I am a huge fan of Travel Channel’s Hotel Impossible – a show in which hotel “fixer” Anthony Melchiorri visits ailing hotels and works with the owners and staff to turn the business into profitability and success. Every time I watch the show I wonder whether some of the schools I have visited over the past number of years (and, yes, the school I lead too) would benefit from some of the common sense advice and honest appraisal given by Melchiorri.
Here are three takeaways from the show which I believe are applicable to education:
1) The little things matter:
No matter how big or small the hotel, Melchiorri always makes a point of looking for the small things which can make a difference to a guest. This principle needs to apply to schools as well. Way too many schools ignore simple things which can make a huge difference – the way the school receptionist/secretary greets visitors, the neatness of school bags outside/inside the classroom, clear signage, clean bathrooms with fresh flowers and so on. Most of these can be fixed with little or no expenditure.
2) Be willing to see your school through the eyes of others:
In each episode, Melchiorri makes a point of showing the hoteliers what the guest experience is like. Delays at check-in, poor service in the restaurant, confusing arrangements for key collection and so on all create a negative experience which translates into poor reviews for the hotel. I wonder how often those of us who are responsible for schools consider the experience of our pupils and parents. Complacency around this issue is a very real danger as we deal with the stark realities of teaching and leading every day. Attention to the experience of your school by others is an important part of building a quality school – we need to make sure we do it! We need to take an intentional look at our learning spaces to consider whether they are exciting and engaging places for our children. We should consider how we communicate to parents and whether our communication actually meets the expectations of our parents. What does our admission process feel like to a family desperate to enrol their child in our school? Do we have good relationships with those contractors we bring in to service our school?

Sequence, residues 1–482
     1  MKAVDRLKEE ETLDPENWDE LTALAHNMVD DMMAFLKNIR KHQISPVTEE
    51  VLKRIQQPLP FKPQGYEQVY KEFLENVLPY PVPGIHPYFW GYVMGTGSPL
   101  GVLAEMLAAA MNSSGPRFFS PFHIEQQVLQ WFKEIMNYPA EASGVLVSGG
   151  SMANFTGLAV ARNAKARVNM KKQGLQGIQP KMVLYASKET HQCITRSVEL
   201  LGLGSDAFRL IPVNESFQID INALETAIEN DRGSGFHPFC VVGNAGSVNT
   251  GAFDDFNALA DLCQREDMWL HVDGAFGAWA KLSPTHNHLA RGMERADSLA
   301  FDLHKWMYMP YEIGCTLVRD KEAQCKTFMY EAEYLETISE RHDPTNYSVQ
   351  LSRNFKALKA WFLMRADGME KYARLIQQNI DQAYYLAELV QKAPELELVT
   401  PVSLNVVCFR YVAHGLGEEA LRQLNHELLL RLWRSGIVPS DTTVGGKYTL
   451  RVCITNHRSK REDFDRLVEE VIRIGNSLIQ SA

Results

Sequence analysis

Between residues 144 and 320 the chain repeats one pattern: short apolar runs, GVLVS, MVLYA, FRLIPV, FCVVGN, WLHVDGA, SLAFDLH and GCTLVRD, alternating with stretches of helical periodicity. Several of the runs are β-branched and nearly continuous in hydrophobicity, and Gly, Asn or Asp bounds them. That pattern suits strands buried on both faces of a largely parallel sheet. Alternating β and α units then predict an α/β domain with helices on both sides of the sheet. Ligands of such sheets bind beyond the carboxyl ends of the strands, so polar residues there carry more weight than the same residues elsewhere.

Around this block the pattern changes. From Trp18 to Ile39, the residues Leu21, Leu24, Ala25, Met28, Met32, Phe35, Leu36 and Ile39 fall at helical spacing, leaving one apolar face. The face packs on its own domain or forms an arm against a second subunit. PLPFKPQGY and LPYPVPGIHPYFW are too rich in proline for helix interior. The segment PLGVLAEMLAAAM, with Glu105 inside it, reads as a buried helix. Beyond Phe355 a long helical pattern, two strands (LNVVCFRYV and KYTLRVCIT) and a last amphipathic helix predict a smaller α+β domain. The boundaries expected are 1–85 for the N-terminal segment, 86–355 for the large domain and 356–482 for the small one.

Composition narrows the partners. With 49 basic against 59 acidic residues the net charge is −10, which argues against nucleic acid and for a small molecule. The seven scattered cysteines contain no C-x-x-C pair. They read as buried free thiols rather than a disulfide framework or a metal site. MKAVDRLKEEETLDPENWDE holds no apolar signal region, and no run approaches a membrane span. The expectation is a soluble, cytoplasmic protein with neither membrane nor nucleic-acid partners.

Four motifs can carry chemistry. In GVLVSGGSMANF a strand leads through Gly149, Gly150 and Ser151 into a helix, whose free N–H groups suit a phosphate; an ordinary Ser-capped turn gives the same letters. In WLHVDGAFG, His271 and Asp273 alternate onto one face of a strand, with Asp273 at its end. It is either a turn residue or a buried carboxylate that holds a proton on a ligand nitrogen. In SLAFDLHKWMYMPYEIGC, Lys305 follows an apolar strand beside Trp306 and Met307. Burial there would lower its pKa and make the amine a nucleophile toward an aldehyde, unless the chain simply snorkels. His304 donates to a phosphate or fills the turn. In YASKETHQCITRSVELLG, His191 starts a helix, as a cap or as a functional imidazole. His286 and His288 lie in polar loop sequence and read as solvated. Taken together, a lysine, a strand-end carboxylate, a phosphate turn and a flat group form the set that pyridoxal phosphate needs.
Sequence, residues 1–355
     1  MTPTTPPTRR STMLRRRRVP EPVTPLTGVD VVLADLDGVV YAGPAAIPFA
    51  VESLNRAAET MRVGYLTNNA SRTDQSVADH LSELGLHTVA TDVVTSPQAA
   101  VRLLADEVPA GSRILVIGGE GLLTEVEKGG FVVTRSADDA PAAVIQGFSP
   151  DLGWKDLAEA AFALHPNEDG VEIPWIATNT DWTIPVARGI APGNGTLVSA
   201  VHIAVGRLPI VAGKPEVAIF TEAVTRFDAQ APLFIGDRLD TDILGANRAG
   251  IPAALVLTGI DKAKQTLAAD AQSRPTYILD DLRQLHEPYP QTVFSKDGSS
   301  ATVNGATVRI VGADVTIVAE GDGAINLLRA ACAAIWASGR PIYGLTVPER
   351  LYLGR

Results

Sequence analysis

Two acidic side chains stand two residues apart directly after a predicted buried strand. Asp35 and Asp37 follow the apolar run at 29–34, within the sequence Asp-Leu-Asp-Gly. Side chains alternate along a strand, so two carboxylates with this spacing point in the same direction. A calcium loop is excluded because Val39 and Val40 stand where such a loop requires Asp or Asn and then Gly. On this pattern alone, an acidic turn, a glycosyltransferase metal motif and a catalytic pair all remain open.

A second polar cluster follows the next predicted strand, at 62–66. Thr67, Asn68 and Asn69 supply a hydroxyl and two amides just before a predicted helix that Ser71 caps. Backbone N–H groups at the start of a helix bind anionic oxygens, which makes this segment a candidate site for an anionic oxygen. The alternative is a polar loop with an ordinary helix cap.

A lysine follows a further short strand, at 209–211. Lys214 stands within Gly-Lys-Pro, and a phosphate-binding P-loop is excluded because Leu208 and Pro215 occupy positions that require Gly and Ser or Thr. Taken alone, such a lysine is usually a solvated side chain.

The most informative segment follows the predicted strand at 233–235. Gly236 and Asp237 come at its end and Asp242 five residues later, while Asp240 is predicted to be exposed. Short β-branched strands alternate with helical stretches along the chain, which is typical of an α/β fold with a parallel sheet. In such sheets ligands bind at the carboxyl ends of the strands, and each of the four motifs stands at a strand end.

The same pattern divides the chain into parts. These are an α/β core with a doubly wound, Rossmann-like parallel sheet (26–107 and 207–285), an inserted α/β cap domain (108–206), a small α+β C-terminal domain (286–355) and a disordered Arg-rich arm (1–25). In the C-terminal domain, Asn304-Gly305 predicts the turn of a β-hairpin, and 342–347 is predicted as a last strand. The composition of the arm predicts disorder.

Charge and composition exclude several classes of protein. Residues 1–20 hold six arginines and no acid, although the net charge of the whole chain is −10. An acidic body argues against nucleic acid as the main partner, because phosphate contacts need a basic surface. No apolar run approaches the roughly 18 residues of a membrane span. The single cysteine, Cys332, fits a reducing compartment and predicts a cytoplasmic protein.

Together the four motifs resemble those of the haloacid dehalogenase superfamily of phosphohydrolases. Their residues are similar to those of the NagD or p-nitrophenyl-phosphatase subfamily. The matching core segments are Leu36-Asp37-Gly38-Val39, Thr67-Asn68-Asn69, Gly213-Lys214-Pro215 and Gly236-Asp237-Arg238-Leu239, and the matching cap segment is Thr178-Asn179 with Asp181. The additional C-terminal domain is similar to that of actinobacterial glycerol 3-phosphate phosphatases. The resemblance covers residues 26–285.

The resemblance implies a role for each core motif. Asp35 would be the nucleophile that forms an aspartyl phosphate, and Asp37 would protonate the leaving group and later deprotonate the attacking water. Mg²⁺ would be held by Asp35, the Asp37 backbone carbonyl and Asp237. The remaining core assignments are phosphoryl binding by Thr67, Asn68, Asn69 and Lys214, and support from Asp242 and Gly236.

3) Be open to correction:
Some of the most entertaining episodes of Hotel Impossible are those in which the owners are adamant that they know more than Melchiorri despite the fact that they are responsible for running an inefficient, failing business. On many occasions it turns out that the owners have never run a hotel before nor do they have any experience in working in a hotel! Yet, they seem determined not to take the advice of someone with over 20 years of hotel experience and a proven track record of turning hotel fortunes around. This type of arrogant attitude has no place in business and it certainly should not be welcomed in schools. School leaders must always realise that the school is greater than they are and that they do not have all the answers to every difficulty facing their school. Principals, governors and board members should be open to the advice of others, particularly those who can bring insight from fields outside education. Insights on leadership, financial sustainability, human resource management, property management and more can be gleaned from professionals outside education and school leaders would do well to pay attention to them. It goes without saying that school leadership should also be open to learning from others in education who can add value from their own experiences.
Yes, its reality television and yes, I’m quite sure there is plenty of behind-the-scenes manipulation. However, the show is entertaining and certainly gives those of us in school leadership much to consider as we lead an increasingly complex organisation in an increasingly complex world.